Affairs of the Chart
Bloomsbury £9.99, pp256r
Kamila Shamsie's deftly woven, provocative third novel is about marking territory, both of land and body. She channels her ideas through a narrative of childhood friendship transmuted into adult love, but there is nothing worn about her approach; it is radical in its refusal to soften edges.
Karim and Raheen, best friends since their mothers placed them spine to spine in the cradle, delight in anagrams, wisecracking and illicit joyrides in classy cars. They enjoy a hermetic, chauffeured childhood in battle scarred Karachi in the years after the civil war of 1971. Bloodshed is all around, but within their gated society Karim's problematic Bengali heritage is rarely commented on. Their close-knit parents, and assorted hangers on, are more interested in parties than political activism.
Shamsie's blistering humour and ear for dialogue scorches through their whirl of whisky and witticisms; Aunt Laila's chief concern is that a newspaper might carry the headline 'Socialite Buys Suppositories'. Punning, cricket and country clubs construct a chimera of England with more glamour than the real thing.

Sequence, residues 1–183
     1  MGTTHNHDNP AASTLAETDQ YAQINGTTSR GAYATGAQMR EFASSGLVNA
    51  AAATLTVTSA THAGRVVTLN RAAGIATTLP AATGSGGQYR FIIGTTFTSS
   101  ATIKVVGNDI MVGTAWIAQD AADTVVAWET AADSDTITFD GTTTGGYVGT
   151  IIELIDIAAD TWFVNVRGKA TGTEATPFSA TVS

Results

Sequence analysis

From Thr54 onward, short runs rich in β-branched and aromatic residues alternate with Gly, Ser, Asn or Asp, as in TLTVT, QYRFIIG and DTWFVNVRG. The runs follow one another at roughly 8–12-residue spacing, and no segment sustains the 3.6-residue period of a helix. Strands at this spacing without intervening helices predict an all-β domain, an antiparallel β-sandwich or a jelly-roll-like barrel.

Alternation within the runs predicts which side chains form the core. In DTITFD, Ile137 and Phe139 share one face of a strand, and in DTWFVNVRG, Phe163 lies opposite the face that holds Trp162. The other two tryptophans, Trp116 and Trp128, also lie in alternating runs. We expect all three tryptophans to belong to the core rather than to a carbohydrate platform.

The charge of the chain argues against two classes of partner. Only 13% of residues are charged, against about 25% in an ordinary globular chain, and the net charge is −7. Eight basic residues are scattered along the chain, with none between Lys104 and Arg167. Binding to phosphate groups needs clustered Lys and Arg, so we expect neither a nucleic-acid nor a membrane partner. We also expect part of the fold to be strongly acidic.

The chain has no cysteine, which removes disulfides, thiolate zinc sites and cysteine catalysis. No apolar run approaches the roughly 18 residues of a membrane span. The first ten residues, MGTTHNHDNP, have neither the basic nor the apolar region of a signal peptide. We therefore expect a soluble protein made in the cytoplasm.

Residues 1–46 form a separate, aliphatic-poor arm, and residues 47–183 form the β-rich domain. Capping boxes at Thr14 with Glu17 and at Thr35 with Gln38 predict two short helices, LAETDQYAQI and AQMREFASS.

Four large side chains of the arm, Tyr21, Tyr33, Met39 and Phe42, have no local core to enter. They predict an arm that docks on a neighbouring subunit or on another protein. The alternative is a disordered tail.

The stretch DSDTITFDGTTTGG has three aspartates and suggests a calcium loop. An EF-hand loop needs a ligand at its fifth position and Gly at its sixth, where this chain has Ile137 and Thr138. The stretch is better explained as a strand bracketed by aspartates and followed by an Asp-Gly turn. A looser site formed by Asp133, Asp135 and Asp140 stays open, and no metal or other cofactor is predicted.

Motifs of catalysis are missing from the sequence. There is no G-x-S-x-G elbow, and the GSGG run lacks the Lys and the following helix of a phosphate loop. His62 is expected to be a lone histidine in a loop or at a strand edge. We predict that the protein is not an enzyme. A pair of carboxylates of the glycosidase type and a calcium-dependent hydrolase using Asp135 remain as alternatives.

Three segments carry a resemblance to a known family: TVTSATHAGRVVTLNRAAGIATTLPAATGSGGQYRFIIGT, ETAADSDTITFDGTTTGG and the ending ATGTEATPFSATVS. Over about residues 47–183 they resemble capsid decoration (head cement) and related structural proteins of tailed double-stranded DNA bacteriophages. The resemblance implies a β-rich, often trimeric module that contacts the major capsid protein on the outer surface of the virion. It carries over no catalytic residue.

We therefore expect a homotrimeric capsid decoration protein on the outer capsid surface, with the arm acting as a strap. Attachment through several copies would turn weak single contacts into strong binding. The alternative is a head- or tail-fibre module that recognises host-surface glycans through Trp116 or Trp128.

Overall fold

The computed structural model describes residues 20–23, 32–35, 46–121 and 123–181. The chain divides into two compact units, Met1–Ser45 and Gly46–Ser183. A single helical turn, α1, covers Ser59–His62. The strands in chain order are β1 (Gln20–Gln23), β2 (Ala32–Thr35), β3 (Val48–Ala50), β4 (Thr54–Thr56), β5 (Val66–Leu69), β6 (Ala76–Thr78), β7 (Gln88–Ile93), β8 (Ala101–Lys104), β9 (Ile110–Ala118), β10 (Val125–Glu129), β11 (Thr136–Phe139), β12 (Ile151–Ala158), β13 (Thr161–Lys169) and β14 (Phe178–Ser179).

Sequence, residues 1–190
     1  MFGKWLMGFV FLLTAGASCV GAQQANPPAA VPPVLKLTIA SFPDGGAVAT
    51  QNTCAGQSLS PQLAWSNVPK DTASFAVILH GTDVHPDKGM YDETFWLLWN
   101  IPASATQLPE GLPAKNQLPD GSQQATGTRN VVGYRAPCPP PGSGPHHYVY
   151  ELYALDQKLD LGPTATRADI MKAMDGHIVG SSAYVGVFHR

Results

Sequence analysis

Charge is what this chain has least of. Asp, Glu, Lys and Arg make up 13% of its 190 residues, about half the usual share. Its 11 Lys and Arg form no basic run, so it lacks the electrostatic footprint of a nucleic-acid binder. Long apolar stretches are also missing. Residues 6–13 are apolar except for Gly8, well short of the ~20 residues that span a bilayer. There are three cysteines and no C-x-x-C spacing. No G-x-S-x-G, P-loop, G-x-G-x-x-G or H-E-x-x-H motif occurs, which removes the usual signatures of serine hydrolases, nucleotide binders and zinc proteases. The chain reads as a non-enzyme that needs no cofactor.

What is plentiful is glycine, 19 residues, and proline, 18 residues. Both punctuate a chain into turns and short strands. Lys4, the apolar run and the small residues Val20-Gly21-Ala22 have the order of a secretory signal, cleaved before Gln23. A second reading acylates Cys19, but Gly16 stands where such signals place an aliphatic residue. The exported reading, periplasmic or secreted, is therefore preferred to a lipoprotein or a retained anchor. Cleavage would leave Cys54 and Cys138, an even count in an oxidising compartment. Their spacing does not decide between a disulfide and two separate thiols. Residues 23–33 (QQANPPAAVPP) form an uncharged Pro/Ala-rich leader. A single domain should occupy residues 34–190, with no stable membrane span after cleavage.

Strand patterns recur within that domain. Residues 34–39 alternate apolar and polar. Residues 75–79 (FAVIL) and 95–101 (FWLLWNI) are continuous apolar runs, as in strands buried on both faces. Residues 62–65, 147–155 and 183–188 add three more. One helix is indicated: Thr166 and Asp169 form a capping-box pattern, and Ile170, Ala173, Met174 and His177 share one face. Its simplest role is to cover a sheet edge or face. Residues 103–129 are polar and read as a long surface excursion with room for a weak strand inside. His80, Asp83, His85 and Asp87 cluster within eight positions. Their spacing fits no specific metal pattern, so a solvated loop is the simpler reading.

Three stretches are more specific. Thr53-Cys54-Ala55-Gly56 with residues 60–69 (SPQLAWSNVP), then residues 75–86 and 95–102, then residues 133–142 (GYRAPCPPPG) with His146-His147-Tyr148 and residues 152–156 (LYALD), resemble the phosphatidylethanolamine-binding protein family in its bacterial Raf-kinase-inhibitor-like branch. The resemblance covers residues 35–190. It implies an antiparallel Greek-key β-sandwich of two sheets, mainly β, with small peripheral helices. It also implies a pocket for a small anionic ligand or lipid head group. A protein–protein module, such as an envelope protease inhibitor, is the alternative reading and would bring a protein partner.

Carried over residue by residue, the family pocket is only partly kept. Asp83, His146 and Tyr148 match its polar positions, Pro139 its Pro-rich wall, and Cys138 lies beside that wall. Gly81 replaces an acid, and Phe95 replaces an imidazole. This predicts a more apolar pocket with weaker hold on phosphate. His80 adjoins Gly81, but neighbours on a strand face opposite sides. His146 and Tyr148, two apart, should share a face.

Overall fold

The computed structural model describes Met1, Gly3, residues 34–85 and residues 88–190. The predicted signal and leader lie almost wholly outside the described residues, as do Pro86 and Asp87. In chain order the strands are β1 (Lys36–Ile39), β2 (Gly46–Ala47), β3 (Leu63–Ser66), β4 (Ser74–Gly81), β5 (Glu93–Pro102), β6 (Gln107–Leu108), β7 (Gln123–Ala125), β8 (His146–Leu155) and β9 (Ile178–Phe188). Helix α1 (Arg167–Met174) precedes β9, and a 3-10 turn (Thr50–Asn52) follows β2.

At 13, Karim discovers maps and realises that 'even seas have boundaries'. At the same time, Raheen examines an old photograph of both sets of parents and observes to Karim's father: 'Karim has your smile - but you don't have it any more.'
Here the innocent decadence ends. There is a darkness beneath the jubilation of parties and rouged faces and for Raheen it remains impenetrable. She overhears snatches of harsh conversation but cannot fathom their content; familiar voices have become bastardised and their soft cadences have shifted to a 'grating cacophony which belonged to them as much as the music in their voices'. Raheen senses that her parents have immunised themselves against scarring events from the past.
Her desire to chart the world ends with the extent of her heart, and her growing feelings for Karim; when a friend shows her a videotape of night lights shining from refugee camps, she believes them to be thousands of stars strung in a velvet sky. However, Raheen's lack of political curiosity does not couch a prejudiced soul. 'I believed that beneath skin and blood and bone we were the same'. Shamsie offers us a character both admirable and blinkered in her attempts to dismiss differing ethnicities.
This article was first published in the Guardian.
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